Researcher develops novel strategy to improve crops and treat diseases
A novel strategy to enhance genome editing promises to increase the efficiency of making genetic improvements in a wide range of organisms, a new study suggests.
Paul Medvedev receives National Science Foundation CAREER award
NSF award will provide funding for Medvedev to develop algorithms for big genomic data
Nerve-cell signaling traced back to common ancestor of humans and sea anemone
New research led by by Tim Jegla shows that a burst of evolutionary innovation in the genes responsible for electrical communication among nerve cells in our brains occurred over 600 million years ago in a common ancestor of humans and the sea anemone.
Andrew Read named Eberly Professor in Biotechnology
Andrew F. Read, Evan Pugh Professor of Biology and Entomology and the Director of the Center for Infectious Disease Dynamics (CIDD), has been named the Eberly Professor in Biotechnology at Penn State.
To beet or not to beet? Researchers test theories of beet juice benefits
Athletes who down beet juice before exercising to increase blood flow and improve performance may be surprised at the results of a recent study conducted at Penn State's Noll Laboratory.
Six Huck faculty among sixteen named distinguished professors at Penn State
Reka Albert, James Broach, Katherine Freeman, Eric Harvill, Susan McHale, and Rongling Wu are among the faculty awarded a distinguished professorship by the Penn State Office of the Vice Provost for Academic Affairs.
Penn State and Geisinger announce new collaborative gene research project
Marylyn Ritchie, professor of biochemistry and molecular biology and director of the Center for Systems Genomics in the Huck Institutes of the Life Sciences at Penn State University, will lead a collaborative effort between Penn State and Geisinger Research to connect the genome data of 100,000 anonymous patients with their medical histories, in order to identify the genetic and environmental basis of human disease.
In Mojave Desert tortoise, looking for answers to bigger questions
Huck researchers attempt to guide and improve conservation success through studying the Mojave Desert tortoise.
When construction projects -- such as new roads or buildings – may jeopardize local wildlife habitat, the animals are typically moved to another location; wildlife managers call this “translocation.”
Receptor may be key to treating nonalcoholic fatty liver disease
Inhibiting a nuclear receptor in the gut could lead to a treatment for a liver disorder that affects almost 30 percent of the Western world's adult population, according to an international team of researchers.
Manuel Llinás receives grant from Gates Foundation to continue novel study of malaria parasite
Manuel Llinás, a Huck-cofunded researcher and associate professor of biochemistry and molecular biology at Penn State has been awarded two years of Phase II funding for a Grand Challenges Exploration Grant from the Bill and Melinda Gates Foundation.
Llinás's research will use mass spectrometry-based metabolomics to profile the metabolic effects of hundreds of anti-malarial compounds against Plasmodium falciparum malaria parasites, with the goal of defining next-generation antimalarials to be used in malaria endemic regions to stave off the h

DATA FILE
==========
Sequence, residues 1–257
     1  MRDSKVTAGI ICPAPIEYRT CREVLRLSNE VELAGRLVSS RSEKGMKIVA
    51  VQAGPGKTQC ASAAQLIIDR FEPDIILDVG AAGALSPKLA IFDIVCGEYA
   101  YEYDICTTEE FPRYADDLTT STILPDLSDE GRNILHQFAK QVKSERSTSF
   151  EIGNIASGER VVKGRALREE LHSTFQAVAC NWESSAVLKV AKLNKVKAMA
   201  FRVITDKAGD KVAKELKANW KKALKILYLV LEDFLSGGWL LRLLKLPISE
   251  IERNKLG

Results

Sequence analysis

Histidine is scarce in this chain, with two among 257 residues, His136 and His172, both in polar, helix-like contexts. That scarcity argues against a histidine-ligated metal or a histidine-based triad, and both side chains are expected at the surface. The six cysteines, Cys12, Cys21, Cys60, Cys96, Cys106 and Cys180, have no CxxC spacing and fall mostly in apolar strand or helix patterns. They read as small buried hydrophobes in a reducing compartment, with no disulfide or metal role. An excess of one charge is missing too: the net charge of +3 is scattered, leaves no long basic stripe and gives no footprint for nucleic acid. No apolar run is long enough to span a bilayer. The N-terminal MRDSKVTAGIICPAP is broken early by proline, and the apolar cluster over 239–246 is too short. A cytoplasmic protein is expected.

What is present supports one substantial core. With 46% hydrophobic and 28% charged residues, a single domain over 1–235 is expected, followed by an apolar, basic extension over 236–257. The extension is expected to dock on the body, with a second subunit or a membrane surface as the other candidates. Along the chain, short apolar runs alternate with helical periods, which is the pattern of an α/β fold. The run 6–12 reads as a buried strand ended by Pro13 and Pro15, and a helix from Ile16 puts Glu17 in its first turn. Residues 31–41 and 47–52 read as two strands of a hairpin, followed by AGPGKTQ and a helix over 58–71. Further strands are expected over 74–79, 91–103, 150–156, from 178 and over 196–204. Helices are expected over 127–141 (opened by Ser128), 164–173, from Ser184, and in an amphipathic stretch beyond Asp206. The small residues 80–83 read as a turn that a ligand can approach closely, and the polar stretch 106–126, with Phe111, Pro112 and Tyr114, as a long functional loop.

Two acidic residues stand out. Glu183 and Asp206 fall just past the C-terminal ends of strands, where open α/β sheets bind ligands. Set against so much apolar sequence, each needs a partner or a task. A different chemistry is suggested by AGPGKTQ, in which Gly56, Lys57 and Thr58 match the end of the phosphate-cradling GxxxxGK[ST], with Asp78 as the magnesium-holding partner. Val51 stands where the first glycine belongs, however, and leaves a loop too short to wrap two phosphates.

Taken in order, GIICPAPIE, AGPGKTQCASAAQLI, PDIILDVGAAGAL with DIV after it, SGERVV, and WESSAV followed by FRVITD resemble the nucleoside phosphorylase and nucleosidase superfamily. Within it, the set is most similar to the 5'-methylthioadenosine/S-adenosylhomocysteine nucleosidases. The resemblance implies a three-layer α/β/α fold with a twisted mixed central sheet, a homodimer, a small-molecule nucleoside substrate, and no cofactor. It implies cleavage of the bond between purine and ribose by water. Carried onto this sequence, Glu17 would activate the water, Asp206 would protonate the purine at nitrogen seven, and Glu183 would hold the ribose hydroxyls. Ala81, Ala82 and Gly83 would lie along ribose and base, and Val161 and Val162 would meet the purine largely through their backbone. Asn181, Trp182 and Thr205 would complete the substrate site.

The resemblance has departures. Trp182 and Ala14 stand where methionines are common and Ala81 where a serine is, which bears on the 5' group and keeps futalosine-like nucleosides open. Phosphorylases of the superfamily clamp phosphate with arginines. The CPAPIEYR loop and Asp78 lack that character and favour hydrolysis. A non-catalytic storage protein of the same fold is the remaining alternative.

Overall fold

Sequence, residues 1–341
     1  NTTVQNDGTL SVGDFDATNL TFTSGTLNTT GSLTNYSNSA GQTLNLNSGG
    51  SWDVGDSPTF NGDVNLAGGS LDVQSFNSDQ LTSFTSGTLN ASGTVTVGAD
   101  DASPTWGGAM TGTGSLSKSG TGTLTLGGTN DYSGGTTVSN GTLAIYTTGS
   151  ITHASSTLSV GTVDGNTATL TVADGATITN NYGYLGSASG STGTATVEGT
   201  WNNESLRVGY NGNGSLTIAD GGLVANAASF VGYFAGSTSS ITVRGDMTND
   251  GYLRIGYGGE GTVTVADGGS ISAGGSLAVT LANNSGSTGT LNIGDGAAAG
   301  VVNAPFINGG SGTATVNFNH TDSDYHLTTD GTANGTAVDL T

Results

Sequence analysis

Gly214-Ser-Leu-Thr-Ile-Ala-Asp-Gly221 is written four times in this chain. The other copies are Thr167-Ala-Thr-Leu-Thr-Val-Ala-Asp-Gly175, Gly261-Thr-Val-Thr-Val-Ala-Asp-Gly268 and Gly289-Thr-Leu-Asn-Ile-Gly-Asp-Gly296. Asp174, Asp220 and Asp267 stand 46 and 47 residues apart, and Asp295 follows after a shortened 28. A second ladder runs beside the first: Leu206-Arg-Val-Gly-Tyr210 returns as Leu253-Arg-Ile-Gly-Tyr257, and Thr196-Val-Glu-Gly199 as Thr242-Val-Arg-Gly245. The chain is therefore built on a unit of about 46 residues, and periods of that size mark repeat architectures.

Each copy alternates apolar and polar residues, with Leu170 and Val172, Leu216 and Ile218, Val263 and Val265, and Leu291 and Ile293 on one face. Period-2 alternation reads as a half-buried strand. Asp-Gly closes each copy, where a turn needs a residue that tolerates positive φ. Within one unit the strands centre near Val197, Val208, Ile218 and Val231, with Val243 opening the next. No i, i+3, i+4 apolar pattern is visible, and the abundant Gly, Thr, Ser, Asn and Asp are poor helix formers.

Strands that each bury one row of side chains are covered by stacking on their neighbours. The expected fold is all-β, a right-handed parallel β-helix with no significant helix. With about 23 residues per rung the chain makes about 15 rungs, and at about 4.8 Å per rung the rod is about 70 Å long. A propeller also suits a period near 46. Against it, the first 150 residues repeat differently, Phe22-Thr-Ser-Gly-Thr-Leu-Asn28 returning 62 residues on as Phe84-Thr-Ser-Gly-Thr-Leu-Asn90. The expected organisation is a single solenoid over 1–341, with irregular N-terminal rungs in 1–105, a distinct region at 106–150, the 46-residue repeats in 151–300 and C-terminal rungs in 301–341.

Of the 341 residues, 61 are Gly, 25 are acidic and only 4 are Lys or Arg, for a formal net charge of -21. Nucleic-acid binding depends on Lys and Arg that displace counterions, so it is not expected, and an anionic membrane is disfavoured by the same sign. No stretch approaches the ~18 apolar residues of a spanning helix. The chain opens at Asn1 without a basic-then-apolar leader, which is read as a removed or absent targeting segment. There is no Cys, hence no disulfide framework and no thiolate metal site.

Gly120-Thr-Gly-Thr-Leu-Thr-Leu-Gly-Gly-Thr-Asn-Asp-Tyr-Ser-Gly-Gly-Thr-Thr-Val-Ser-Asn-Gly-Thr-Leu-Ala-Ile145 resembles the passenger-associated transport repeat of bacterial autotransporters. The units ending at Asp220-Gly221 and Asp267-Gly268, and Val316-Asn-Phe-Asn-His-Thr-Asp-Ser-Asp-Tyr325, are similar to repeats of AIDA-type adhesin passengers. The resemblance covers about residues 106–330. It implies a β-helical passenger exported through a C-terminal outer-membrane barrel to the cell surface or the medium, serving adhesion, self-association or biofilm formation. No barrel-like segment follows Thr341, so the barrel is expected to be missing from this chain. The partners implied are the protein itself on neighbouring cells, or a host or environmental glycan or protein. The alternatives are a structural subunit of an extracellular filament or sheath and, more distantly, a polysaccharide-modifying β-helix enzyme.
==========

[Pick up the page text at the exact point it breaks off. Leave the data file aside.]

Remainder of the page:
New video profile: Elyse Muñoz
Elyse Muñoz -- a Ph.D. candidate in the Huck Institutes' Genetics program -- studies the malaria parasite.
New video profile: Emily Finch
Emily Finch -- a Ph.D. candidate in the Huck Institutes' Immunology and Infectious Diseases program -- studies relationships between diet and disease.
New video profile: Marta Byrska-Bishop
Marta Byrska-Bishop -- a Ph.D. candidate in the Huck Institutes' Molecular, Cellular, and Integrative Biosciences program -- studies genomics and gene regulation in relation to inherited diseases.
New video profile: Bill Turbitt & Connie Rogers
Physiology Ph.D. candidate Bill Turbitt and faculty researcher Connie Rogers study the impact of behavioral and dietary interventions on immunity and cancer risk and development.
Living African group discovered to be the most populous humans over the last 150,000 years
New genetic research reveals that a small group of hunter-gatherers now living in Southern Africa once was so large that it comprised the majority of living humans during most of the past 150,000 years.
Major new study reveals new similarities and differences between mice and humans
Powerful clues have been discovered about why the human immune system, metabolism, stress response, and other life functions are so different from those of the mouse.
Graduate students, faculty share the 'PhUn' in physiology at elementary school
During the American Physiological Society's annual PhUn (Physiology Understanding) Week initiative, Penn State graduate students and faculty from the Huck Institutes' Intercollege Graduate Degree Program (IGDP) in Physiology partnered with a local elementary school to help first- and second-grade students explore basic concepts in physiology and better understand the study of how living things work.
Learning languages is a workout for brains, both young and old
Learning a new language changes your brain network both structurally and functionally, according to Penn State researchers.
Never-before-seen insights into deer movement offered on research website
Two years into a study of factors influencing forest regeneration in Pennsylvania, researchers in Penn State's College of Agricultural Sciences are offering never-before-seen insights into deer movement.
Battling drug-resistant pathogens
Biologist Andrew Read argues for new treatment strategies in race against rapidly evolving 'bugs.'